The Congressional Budget Office earlier this week released a new report on the distribution of household income and federal taxes in the United States. The report contains data on household income from 1979 to 2011, which shows the impact of taxes and transfers (government income-support programs) on incomes. The data paint a different picture from the U.S. Census Bureau income data released earlier this year: the CBO shows a 47 percent increase in the median household income from 1979 to 2011 compared to a 5.3 percent increase according to Census Bureau data.

But is this latest snapshot of the distribution of U.S. incomes necessarily the right picture?

The CBO data account for a variety of factors including federal taxes, the decline in household size and the increasing importance of health insurance as a form of compensation, and transfer programs. It’s the combination of the last two categories—health insurance and transfer programs—that causes the most difficulty when measuring income.

The problem boils down to this question: how much is government-provided health insurance, Medicaid and Medicare, worth to a household? (The Affordable Care Act does not factor into this calculation, as that program did not expand health insurance coverage in earnest until 2013.)

CBO answered that question using the so-called “average cost” method. The calculation is quite easy: take all the spending on, say, Medicaid, and then divide that number by the number of Medicaid enrollees. That “average cost” is designated as the value of Medicaid to the household. Any increase in spending on the program gets registered as an increase in the value.

But CBO didn’t always answer the question this way. Prior to 2012, the agency calculated the value of government-provided health insurance by looking at the “fungible value” of health insurance. This process looks at how much money a household has compared to its basic needs for food and housing. If the household has more income than its basic costs, then the valuation process assumes that government-provided insurance would free up this money for other purposes. So that amount of money (up to the average cost) is called the fungible value.

The difference between the two methods is quite large. In their 2012 report explaining the change from the fungible value process to the average cost method, CBO noted the average cost method increased the average income of a household in the bottom 20 percent of the before-tax distribution by $4,600, or by about 25 percent. Using data from the 2013 report, which covers 1979 to 2010 and was released last December, we can see the average income of the bottom 20 percent grew by 49 percent from 1979 to 2010 using the average cost method. But using the fungible value method, the average income of that group grew by only 23 percent.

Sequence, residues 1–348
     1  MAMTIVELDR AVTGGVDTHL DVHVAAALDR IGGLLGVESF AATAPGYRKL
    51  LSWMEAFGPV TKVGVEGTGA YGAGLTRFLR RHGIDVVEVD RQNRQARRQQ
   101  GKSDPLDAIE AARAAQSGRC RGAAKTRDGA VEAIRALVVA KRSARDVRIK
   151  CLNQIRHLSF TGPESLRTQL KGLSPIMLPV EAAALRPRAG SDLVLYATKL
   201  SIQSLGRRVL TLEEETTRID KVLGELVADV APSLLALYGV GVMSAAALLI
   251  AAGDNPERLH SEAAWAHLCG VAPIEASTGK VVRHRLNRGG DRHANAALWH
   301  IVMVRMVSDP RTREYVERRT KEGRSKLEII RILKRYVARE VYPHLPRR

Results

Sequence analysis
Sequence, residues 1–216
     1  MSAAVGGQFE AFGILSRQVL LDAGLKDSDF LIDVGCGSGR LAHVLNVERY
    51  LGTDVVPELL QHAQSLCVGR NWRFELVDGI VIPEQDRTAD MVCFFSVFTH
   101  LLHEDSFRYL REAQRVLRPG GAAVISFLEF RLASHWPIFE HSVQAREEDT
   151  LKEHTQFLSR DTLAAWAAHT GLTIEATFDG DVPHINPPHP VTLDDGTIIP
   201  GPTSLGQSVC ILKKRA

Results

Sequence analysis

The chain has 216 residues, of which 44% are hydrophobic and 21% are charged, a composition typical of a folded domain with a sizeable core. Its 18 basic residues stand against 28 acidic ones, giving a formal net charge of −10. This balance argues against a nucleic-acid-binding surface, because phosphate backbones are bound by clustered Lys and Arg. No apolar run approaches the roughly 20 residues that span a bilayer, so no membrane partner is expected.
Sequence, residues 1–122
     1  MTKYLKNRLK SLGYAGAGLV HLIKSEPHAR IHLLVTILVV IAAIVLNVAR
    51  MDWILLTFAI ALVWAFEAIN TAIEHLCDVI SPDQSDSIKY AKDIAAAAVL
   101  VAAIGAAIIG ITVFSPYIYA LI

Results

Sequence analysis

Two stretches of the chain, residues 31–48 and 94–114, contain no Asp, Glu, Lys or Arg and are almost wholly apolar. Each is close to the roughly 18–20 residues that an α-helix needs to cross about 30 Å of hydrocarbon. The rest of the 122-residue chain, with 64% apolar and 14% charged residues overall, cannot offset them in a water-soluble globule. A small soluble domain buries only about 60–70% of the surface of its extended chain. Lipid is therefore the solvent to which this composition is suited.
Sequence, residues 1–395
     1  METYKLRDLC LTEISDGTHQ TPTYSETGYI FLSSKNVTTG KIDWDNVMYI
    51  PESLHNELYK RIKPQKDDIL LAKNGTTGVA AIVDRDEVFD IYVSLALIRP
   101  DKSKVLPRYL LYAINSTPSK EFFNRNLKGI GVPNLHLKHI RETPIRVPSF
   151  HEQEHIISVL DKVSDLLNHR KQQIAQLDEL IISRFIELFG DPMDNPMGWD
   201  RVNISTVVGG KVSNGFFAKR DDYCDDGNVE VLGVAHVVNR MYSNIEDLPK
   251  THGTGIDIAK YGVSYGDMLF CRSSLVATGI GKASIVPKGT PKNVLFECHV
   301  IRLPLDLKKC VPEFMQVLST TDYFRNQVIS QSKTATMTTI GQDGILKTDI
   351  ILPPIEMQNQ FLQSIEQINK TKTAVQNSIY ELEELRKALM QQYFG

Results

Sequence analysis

Sadly, the new 2014 report (with the latest 2011 data) doesn’t include income data using the old methodology. This means that going forward economists and policymakers will be have one less data set by which to evaluate income inequality.

Now this isn’t to say that CBO is definitely using the wrong method by dropping the average cost method. Nor is it clear that the fungible value is the correct method—after all, calculating the value of health insurance based on how much money is freed up relative to the cost of food and housing isn’t exactly intuitive. The average cost method has the merit of being consistent with the method of valuing employer-sponsored health insurance, which calculates the full value of employer-paid insurance into household income. In both cases, though, every dollar that employers spend on insurance is assumed to increase the households’ income on a one-for-one basis.

The main takeaway here is that we need to be cognizant of the difficulty of measuring the world around us. Ewe Reinhardt, a health care economist at Princeton University, admits that he and his colleagues in the profession don’t have the answer to this question yet. Government programs have certainly boosted incomes at the bottom, but we still aren’t sure by how much. If we want to understand how to improve the lot of households at the low-end of the income ladder, it’d be useful to know exactly what rung they are standing on.